London’s magazine article “Surfing: A Royal Sport,” published in October 1907, introduced the Western world to the sport of surfing on wooden boards.

An old sepia photograph of people holding surfboards on the beach. In the background is a grass building and to the right is a wooden outrigger canoe.

Outrigger Canoe Club

In 1908, Ford founded the Outrigger Canoe Club, the first formal organization with a mission of preserving surfing. Ford petitioned Queen Liliuokalani for use of a tract of land on Waikiki to popularize old Hawaiian water sports and to provide a place to surf for the children of the mauka, the people who lived in the hills and had no seaside of their own. With a fifty-year lease at $50 a year, the club was founded with a grass shack for a locker room and an open-pipe shower with a coconut thatch shower curtain.

Although Ford’s club was for the mauka, when it opened it was restricted to haoles, white people from the mainland. So Ford urged the Hawaiians to start a club of their own. They organized the Hui Nalu Club, whose best swimmer was Duke Kahanamoku, and began to compete with the Outrigger Canoe Club. Kahanamoku’s world-record performances at the 1912 and 1920 Olympics paved the way for native Hawaiians to join, but when the Duke was invited, he remained loyal to Hui Nalu, stalling for nine years before finally becoming a member.

After establishing the Outrigger Canoe Club, Ford continued to promote surfing through various events, his writing and photography. He was one of the first photographers to capture action surfing shots, “perhaps, the first photographs of surfing ever to appear in magazines (St. Nicholas and Colliers).” And after Freeth moved to the mainland in 1907, Ford began promoting Duke Kahanamoku as “Hawai’i’s ‘Champion Surf Rider,’” years before the Duke gained fame as an Olympic swimmer.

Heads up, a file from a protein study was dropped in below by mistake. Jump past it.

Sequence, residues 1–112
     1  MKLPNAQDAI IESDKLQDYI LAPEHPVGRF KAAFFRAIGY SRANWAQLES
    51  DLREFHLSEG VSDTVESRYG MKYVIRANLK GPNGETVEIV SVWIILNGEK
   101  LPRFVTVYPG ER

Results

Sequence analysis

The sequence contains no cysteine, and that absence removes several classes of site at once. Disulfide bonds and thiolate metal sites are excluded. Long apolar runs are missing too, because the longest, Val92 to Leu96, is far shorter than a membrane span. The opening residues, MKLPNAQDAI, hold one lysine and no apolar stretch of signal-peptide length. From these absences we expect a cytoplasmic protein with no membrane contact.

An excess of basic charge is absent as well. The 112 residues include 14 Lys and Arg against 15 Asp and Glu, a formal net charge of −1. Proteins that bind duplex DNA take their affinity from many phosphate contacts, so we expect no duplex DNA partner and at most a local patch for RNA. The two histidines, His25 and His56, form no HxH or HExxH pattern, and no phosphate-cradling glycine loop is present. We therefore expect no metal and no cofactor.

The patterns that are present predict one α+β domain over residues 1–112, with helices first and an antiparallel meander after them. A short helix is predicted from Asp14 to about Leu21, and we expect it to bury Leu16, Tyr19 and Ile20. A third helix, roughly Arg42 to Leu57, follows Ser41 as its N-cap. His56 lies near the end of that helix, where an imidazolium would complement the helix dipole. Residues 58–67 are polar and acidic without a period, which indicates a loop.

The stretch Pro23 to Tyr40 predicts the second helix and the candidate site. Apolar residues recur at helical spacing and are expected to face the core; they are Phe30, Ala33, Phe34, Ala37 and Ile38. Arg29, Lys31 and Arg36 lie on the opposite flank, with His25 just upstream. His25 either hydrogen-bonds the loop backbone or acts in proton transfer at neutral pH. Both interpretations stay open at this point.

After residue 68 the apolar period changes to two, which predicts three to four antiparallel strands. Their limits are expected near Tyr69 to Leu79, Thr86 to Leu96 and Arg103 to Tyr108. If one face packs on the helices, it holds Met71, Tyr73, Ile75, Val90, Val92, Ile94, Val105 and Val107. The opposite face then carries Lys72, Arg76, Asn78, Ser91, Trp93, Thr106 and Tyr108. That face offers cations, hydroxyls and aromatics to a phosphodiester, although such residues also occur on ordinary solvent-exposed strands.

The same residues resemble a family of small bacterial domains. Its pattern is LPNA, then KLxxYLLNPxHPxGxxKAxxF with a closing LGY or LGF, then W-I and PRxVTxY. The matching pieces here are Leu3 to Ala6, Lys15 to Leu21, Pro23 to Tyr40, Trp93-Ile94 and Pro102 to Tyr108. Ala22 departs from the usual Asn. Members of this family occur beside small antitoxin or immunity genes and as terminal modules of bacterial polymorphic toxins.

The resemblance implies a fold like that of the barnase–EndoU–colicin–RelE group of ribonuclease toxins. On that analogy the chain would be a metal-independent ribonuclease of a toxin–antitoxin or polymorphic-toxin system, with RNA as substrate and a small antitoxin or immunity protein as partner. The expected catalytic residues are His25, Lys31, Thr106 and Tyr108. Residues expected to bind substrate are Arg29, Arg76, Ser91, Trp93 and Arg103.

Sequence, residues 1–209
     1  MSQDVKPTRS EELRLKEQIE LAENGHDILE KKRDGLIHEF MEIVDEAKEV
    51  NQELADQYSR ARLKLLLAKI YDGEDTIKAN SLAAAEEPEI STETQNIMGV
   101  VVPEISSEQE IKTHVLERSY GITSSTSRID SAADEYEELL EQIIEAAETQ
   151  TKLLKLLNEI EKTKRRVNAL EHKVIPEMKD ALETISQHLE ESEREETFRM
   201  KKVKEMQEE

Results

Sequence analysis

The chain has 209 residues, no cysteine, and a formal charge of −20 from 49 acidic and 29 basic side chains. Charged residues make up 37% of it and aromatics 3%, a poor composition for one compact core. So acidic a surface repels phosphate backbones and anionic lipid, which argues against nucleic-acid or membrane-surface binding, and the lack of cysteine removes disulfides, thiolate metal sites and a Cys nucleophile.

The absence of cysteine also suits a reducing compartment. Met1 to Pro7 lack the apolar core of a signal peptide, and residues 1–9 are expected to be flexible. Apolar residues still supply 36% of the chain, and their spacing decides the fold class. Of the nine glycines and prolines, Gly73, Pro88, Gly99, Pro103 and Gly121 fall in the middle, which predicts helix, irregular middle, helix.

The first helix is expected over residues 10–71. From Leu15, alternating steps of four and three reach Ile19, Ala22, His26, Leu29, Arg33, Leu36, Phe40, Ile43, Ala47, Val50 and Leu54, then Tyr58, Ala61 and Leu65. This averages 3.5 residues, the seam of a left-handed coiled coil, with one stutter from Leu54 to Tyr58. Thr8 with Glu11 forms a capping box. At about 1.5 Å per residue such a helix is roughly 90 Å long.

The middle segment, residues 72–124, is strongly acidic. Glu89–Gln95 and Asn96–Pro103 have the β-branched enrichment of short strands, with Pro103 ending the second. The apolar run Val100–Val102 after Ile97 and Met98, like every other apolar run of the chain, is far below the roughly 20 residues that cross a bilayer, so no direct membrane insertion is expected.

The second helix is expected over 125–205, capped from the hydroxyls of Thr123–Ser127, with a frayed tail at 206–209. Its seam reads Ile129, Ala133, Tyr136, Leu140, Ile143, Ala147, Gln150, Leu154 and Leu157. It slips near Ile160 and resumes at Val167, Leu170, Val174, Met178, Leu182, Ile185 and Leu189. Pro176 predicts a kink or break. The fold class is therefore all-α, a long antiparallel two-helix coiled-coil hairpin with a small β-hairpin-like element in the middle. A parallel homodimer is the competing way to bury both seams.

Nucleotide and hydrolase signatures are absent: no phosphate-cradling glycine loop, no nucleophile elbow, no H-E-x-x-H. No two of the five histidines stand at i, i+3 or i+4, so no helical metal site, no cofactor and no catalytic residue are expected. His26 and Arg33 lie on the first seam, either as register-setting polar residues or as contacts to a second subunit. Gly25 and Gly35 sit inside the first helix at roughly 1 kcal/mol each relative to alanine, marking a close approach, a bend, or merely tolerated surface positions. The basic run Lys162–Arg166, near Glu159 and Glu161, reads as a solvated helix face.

Ford’s promotion of surfing extended wherever he went, it seems. In 1908, while in Australia assisting with trade agreements between Hawaii, Australia and New Zealand, Ford introduced surfing to an Australian named Percy Hunter, who just happened to be the head of the New South Wales Immigration and Tourism Bureau. By the time Ford visited again in 1910 – nearly five years before Kahanamoku went to Australia for the first time – “there were already several surfboards stashed at Manly Beach.”

The earliest known record of Ford’s promotion on the East Coast was in 1919, when he showed movies of Hawaiian surfing to the boys of Charleston’s Crafts School, South Carolina, and met with them to form an aquatic club. Surely a bit of evidence exists for Funderburg yet to unearth, proving the odds that Ford’s passionate campaign is to account for the images in those postcards.

A vintage postcard of a beach scene with many people in the water and a large yellow building on the beach in the background. At the bottom of the postcard, a person is holding a surfboard-shaped object in the water.

A North Carolina postcard from 1909 that appears to show a person in the water with a surfboard.

If after you’ve read this article – and more of the excellent resources listed below – it is still Duke Kahanamoku and not Alexander Hume Ford who springs to mind when you think of the origins of modern surfing, perhaps that would have been fine with Ford. He viewed his job as doing the talking, and it is clear he got what he wanted.

Sources

Gault-Williams, Malcolm, Legendary Surfers Volume 2: Early 20th Century Surfing and Tom Blake (2007)

Sutton, Horace, Country Club in Hawaii, Sports Illustrated (Nov. 12, 1956)

Borte, Jason, Waikiki

Special thanks to Joseph “Skipper” Funderburg for bringing to our attention his discovery of the Wrightsville Beach postcards. Funderburg is the author of “Surfing on the Cape Fear Coast,” Slapdash Publishing (2008). He has been writing about surfing for 40 years and is recognized as the Cape Fear Coast’s preeminent surf historian. We hope you’ll seek out a copy of his book and read more about him at http://www.carolinabeach.net.